Secondly, you debate the economic and social benefits of the cultural revolution. Since China became a classless society, the nation's wealth didn't increase and nor the the national pride because the enthusiasm of the Red Guards nearly pushed China into social turmoil, the economy collapsed, citizens lost their possessions, politicians, land-owners and the upper-class lost their jobs and properties; more and more citizens became peasants and the scarcity of food drastically increased. The production and quality of goods didn't increases, but rather decrease, and the product prices increased. The amount of rice grains produced in a year decreased greatly and cotton production also dropped dramatically. Due to the decreased production, the price for rice increases and the price for cotton fabrics and clothes also increased.Also, transportation also became a significant problem for the Chinese people since industrial production dropped during the harsh ten years.

Further, those who were the direct targets of poverty, hard-ship and Mao's rule couldn't bear the stress and either resorted to murder or suicide. In August and September. 1966, 1,772 people were murdered in Beijing alone. in Shanghai there were 705 suicides and 534 deaths. In Wuhan there were 62 suicides and 32 murders during the same period. In Mao: The Unknown Story, Jung Chang and John Halliday claim that as many as 3 million people died in the violence of the Cultural Revolution. Sociologist Daniel Chirot claimed that around 100 million people suffered and at least one million people, perhaps as many as 20 million, died in the Cultural Revolution.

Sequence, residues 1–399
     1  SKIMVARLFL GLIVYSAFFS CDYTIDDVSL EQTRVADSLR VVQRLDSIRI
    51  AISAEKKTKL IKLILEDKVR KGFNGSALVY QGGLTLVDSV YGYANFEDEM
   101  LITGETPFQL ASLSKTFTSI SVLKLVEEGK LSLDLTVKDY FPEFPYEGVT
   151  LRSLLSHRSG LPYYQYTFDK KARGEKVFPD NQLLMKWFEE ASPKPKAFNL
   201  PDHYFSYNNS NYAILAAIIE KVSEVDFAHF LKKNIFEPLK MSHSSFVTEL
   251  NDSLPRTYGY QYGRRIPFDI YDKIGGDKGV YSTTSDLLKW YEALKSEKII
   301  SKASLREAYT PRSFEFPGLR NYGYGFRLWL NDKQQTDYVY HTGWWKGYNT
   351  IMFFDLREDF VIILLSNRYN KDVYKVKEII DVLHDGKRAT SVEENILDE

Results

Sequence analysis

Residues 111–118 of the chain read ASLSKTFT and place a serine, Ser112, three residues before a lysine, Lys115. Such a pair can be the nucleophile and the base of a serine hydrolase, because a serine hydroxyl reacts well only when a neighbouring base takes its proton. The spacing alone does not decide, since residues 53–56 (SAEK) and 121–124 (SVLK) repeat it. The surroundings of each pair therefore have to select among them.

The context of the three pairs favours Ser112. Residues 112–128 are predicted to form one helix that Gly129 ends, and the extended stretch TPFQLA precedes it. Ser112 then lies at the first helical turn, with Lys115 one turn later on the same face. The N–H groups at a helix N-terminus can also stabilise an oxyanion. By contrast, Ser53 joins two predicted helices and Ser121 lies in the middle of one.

Most of the significant information is stated in the above rebuttal paragraphs, however, I would like to expand on the long-term after-effects of this 'revolution' - not. The impact of sending intellectuals and fresh-high school and college students to rural areas denied China of so much possible innovation - you never know, one of those people could have been young Jack Ma. After the revolution ended, those who had experienced the worst of the revolution were denied many work opportunities and were often discriminated upon - this hurts well-being. The educational system took around 9 years to repair and the economy even longer. People were left to suffer in poverty, and for many, educational opportunity was forever over. The so-called 'cultural revolution', the 'step forward to revolutionise China' was a disaster that nearly destroyed China's human well being.

Sources:
http://historyday.crf-usa.org...
http://www.slideshare.net...
http://history12.qataracademy.wikispaces.net...
Mao: The Unknown Story
Mother
Debate Round No. 1
kathleenng

Pro

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simonesimmons

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Debate Round No. 2
kathleenng

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simonesimmons

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Debate Round No. 3